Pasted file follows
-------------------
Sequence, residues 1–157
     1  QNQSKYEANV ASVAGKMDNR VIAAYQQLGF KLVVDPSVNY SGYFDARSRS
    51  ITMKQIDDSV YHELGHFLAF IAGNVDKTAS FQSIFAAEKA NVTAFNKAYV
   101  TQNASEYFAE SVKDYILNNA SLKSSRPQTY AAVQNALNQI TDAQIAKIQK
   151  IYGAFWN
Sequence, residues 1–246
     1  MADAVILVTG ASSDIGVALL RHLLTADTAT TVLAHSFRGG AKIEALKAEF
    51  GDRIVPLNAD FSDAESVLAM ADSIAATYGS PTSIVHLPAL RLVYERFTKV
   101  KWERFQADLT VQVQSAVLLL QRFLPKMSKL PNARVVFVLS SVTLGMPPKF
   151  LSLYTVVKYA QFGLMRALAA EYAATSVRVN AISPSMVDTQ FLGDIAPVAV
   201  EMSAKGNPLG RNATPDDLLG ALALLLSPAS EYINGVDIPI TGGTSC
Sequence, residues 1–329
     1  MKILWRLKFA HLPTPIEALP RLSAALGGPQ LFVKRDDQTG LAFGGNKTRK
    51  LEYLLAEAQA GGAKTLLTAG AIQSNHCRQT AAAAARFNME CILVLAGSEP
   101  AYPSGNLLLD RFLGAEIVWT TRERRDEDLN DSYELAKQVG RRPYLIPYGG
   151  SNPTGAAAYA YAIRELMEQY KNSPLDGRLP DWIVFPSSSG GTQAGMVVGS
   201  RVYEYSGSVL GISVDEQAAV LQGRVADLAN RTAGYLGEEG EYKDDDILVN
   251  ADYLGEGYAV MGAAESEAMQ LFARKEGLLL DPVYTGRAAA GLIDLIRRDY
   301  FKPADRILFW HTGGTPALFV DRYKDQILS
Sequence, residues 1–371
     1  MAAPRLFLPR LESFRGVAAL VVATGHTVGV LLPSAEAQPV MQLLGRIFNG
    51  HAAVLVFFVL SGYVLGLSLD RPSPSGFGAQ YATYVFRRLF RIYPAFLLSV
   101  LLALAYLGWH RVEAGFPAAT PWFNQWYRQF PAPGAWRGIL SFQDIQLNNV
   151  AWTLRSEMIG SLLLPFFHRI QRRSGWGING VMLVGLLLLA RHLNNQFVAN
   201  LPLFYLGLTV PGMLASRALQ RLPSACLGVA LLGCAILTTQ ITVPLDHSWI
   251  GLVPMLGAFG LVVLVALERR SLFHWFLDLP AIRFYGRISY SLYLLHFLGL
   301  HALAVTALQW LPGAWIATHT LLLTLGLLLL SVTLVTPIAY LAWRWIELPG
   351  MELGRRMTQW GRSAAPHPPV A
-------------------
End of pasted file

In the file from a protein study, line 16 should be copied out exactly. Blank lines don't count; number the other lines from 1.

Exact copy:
   151  SNPTGAAAYA YAIRELMEQY KNSPLDGRLP DWIVFPSSSG GTQAGMVVGS